It’s Hard Being the Forerunner
Text: Mark 6:14-29
In the name of the Father and of the Son and of the Holy Spirit. Amen.
It’s not easy being the forerunner of the Messiah. When the Lord said that He would send His messenger to prepare the way of the Promised One, He said that there would be hills and mountains to be lowered and valleys to be raised. That’s hard work. But that was appropriate for the forerunner. After all, being the forerunner means being the one who goes on the same path that the Messiah would walk, just ahead of Him. Everyone knew the Messiah would have hard work saving the world, so it was no surprise that the messenger running that path ahead of him would have hard work too.
But that wasn’t the only thing that was hard about being the forerunner. John the Baptizer was ready for the work. He had trained for it, fasting in the desert, living a hard life to train his body and mind for the hard work. It was the other things that came with being the forerunner that were just as difficult. He was rejected, just as his Lord would be rejected. Jesus recognized this when He said, “John the Baptist has come eating no bread and drinking no wine, and you say, ‘He has a demon!’” He was left on the fringes of society—granted, partly because he chose to live in the wilderness around the Jordan River, but also because the respectable members of society liked him at arms’ length. It was fine if he stayed away from all the good people of Jerusalem. That is, until he started making powerful enemies.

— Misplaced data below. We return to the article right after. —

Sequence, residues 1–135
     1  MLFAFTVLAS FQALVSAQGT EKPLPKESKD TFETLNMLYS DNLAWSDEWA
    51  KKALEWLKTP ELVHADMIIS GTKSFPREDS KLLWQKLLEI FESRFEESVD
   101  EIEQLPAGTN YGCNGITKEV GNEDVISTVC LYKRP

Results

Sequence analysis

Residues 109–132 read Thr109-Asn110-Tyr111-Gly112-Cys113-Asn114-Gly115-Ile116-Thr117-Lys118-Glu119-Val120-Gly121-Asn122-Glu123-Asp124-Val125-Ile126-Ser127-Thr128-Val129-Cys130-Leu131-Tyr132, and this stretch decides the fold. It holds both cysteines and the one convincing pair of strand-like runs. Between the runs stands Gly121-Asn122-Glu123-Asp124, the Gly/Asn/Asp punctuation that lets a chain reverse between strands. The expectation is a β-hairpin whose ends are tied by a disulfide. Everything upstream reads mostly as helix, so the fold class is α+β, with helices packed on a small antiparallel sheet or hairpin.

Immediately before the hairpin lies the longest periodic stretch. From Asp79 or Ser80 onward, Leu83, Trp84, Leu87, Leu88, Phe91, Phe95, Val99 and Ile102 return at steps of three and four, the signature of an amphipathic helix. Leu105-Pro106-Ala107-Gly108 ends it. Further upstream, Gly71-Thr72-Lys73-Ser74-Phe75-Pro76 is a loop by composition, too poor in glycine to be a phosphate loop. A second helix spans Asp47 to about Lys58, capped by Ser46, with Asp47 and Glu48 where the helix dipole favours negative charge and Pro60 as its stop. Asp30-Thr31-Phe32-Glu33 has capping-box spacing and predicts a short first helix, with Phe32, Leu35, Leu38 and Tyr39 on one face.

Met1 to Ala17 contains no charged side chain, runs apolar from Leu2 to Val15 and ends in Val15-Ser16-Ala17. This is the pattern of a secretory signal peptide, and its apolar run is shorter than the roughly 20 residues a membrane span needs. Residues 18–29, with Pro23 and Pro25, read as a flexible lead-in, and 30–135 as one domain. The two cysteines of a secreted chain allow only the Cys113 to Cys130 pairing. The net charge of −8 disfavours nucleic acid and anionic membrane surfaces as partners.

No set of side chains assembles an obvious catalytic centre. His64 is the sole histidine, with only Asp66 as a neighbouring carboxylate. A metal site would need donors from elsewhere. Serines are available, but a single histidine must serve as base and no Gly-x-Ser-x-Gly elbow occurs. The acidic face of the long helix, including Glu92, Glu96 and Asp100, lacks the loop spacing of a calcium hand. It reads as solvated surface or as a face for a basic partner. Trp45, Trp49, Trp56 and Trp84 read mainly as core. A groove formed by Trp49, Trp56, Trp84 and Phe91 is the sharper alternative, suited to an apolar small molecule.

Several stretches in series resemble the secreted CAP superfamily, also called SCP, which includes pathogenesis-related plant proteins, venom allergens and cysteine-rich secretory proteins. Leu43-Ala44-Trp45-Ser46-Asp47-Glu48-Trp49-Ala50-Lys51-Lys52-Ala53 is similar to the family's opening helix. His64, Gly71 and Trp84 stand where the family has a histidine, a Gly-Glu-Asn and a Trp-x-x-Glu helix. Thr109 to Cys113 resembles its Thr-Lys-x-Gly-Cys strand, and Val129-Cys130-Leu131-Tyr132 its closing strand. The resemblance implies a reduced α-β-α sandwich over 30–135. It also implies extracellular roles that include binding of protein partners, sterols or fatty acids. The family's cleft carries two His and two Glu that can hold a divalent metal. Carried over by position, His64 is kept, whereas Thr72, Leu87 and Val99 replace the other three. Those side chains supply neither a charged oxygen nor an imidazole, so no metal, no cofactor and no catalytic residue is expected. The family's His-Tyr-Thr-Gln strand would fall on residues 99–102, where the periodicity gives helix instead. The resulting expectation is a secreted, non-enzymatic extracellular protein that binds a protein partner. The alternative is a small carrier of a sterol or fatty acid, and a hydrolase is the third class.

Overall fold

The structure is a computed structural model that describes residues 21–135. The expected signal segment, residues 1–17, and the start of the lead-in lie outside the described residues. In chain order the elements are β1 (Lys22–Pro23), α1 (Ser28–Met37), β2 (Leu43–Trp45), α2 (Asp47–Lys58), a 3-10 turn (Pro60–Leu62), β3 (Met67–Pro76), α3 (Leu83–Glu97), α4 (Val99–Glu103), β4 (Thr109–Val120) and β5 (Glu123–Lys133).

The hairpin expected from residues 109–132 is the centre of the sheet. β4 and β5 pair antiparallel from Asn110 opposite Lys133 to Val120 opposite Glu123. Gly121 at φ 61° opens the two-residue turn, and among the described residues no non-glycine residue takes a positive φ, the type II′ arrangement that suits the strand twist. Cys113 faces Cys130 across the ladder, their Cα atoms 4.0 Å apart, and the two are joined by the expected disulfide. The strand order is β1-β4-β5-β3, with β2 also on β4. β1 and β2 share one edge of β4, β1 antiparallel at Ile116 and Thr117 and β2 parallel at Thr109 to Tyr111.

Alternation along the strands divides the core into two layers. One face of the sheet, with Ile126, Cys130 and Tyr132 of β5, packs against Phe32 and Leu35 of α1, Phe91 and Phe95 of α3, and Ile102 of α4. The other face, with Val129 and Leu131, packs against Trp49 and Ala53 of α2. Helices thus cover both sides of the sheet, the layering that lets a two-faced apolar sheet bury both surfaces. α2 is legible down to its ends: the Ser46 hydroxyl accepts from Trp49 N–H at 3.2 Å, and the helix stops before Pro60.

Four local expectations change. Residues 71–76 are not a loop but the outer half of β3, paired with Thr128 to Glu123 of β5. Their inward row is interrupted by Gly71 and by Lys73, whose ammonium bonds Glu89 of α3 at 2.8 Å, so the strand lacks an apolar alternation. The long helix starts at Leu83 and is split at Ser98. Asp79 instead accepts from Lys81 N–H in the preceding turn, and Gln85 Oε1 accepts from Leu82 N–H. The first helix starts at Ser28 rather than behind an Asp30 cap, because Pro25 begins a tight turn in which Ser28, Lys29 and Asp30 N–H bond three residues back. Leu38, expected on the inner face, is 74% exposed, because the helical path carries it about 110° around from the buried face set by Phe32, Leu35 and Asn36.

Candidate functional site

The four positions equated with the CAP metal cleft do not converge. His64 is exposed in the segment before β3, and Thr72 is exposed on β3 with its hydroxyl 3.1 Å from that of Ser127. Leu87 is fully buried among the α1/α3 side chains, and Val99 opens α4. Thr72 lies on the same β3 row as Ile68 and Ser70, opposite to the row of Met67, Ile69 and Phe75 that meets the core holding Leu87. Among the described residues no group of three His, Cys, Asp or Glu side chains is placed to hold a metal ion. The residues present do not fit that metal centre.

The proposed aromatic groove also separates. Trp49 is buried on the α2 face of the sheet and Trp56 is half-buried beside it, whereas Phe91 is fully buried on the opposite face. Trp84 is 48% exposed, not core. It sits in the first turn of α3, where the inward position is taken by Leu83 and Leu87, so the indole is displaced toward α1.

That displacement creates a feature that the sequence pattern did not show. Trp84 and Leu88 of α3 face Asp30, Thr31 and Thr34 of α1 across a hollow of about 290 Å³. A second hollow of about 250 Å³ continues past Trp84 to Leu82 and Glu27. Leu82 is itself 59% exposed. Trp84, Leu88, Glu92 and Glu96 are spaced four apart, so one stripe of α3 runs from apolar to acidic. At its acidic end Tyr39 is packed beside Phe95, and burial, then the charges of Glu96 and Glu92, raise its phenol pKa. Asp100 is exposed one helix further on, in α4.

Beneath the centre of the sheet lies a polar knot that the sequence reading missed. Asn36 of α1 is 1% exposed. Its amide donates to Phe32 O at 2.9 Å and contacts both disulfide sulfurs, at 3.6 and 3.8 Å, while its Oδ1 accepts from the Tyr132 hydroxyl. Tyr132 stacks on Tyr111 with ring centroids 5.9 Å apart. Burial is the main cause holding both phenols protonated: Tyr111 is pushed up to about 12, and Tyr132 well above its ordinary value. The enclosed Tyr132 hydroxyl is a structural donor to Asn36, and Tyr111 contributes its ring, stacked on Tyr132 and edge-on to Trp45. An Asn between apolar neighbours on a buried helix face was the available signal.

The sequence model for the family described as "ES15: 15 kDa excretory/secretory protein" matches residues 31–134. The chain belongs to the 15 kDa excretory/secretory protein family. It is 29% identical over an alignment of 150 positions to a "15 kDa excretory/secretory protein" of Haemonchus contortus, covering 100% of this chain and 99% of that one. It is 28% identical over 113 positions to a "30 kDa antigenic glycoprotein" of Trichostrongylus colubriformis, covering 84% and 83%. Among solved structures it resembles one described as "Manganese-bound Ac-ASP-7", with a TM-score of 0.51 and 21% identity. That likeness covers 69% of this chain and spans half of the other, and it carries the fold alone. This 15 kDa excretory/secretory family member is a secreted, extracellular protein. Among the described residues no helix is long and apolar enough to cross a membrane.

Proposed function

When Herod (not the one who tried to murder the infant Jesus, but his son, also named Herod) took his brother Philip’s wife Herodias and began to live with her in the palace as if she were his own wife, John the Baptist knew that this would be poison for Herod’s soul, the souls of his family, and the people of Judea. So John called Herod to repent, saying that it wasn’t right to do this. But as we all know, no one likes being told what they’re doing isn’t right, especially when it comes to matters like this. So the Baptizer made powerful enemies in Herod and Herodias, and it ended with him dying a martyr’s death.
But from his unusual conception to his death at the hands of a vindictive queen and cowardly ruler, John blazed the path of the Messiah. Every step that Jesus would take, John would take in front of Him. This was his destiny. This was his purpose as the forerunner. For Jesus Himself would be rejected, living on the fringes of society as a wandering preacher, without a place to lay His sacred head. He would come eating and drinking and ministering to those who had been left out in the cold and for that He would be slandered by the cultural elite. In the same lesson when He called out those who had said John had a demon because he fasted, Jesus continued, “The Son of Man has come eating and drinking, and you say, ‘Look at him! A glutton and a drunkard, a friend of tax collectors and sinners!’” Jesus and John would always be criticized and condemned by the so-called cultural heroes. And like John, Jesus also would make powerful enemies in the Pharisees and ruling council of the Sanhedrin, in Pontius Pilate and Herod (the same one who killed John the Baptist). Jesus also would be killed by the bloodthirsty demands of a vindictive and jealous group. He would be handed over to death by a cowardly ruler, Pontius Pilate.